Nearby words

  1. yersinia enterocolitica,
  2. yersinia pestis,
  3. yersinia pseudotuberculosis,
  4. yersiniosis,
  5. yerwa-maiduguri,
  6. yes and no,
  7. yes man,
  8. yes, virginia, there is a santa claus,
  9. yes-man,
  10. yes-no question

Origin of yes

before 900; Middle English yes, yis, Old English gēse (adv. and noun), probably equivalent to gēa yea1 + be it (present subjunctive singular of bēon to be)

Dictionary.com Unabridged Based on the Random House Unabridged Dictionary, © Random House, Inc. 2019

Examples from the Web for yeses



British Dictionary definitions for yeses

yes

/ (jɛs) /

sentence substitute

used to express acknowledgment, affirmation, consent, agreement, or approval or to answer when one is addressed
used, often with interrogative intonation, to signal someone to speak or keep speaking, enter a room, or do something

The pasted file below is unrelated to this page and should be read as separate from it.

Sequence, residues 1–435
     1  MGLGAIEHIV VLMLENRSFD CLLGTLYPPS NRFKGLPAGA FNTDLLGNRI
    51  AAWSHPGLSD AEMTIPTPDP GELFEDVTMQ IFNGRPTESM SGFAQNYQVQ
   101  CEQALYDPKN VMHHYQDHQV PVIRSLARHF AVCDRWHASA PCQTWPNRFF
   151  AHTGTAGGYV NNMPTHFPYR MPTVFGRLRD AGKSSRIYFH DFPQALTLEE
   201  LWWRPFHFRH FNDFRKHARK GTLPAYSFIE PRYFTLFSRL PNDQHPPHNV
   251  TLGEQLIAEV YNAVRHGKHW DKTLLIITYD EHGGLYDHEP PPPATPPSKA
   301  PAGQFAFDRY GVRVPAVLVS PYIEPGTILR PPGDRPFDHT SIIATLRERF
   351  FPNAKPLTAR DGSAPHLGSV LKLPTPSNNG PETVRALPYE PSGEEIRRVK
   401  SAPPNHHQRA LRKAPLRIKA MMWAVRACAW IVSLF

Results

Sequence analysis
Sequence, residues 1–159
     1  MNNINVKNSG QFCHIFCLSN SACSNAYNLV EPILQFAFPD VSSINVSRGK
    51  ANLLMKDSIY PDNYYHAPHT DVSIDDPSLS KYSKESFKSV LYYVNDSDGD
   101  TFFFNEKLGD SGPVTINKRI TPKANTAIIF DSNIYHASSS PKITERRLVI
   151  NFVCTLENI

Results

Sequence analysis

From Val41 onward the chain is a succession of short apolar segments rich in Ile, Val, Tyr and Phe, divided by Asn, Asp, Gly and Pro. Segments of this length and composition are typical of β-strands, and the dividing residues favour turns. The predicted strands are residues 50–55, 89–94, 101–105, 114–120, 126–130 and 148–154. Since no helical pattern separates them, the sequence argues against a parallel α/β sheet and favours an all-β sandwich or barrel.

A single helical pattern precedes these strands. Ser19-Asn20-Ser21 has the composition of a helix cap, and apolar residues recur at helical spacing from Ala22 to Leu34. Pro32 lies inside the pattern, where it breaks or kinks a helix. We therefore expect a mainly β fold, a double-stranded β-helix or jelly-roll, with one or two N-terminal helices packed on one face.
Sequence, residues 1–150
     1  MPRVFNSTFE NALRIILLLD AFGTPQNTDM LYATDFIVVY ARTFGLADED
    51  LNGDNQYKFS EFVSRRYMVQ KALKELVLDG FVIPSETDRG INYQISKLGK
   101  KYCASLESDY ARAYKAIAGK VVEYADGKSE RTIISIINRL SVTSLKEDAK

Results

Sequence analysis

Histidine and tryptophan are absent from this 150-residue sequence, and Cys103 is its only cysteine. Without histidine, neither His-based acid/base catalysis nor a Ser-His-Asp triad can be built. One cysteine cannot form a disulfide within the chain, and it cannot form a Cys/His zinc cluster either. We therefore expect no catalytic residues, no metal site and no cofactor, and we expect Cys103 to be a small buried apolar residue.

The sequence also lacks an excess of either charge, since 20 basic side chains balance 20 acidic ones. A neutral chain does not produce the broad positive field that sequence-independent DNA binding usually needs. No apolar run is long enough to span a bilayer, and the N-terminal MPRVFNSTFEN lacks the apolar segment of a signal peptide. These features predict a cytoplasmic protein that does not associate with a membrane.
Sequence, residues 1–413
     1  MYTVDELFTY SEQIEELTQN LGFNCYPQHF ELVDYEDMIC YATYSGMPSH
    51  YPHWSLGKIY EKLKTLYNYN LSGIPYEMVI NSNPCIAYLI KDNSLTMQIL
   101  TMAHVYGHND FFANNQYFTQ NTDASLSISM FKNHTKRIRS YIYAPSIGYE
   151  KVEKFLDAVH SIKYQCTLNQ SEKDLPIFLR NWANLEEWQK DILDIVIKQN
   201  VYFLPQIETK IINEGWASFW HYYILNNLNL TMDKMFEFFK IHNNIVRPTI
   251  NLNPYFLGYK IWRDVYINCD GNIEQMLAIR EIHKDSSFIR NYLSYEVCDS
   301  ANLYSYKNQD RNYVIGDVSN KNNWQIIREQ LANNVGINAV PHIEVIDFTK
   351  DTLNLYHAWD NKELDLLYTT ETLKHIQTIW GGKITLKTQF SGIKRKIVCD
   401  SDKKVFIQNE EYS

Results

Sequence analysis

noun

an answer or vote of yes
(often plural) a person who votes in the affirmative
Compare no 1

Word Origin for yes

Old English gēse, from iā sīe may it be; see yea

Collins English Dictionary - Complete & Unabridged 2012 Digital Edition © William Collins Sons & Co. Ltd. 1979, 1986 © HarperCollins Publishers 1998, 2000, 2003, 2005, 2006, 2007, 2009, 2012

Word Origin and History for yeses

yes

Old English gise, gese "so be it!," probably from gea, ge "so" (see yea) + si "be it!," third person imperative of beon "to be" (see be). Originally stronger than simple yea. Used in Shakespeare mainly as an answer to negative questions. Yes-man is first recorded 1912, American English.

Online Etymology Dictionary, © 2010 Douglas Harper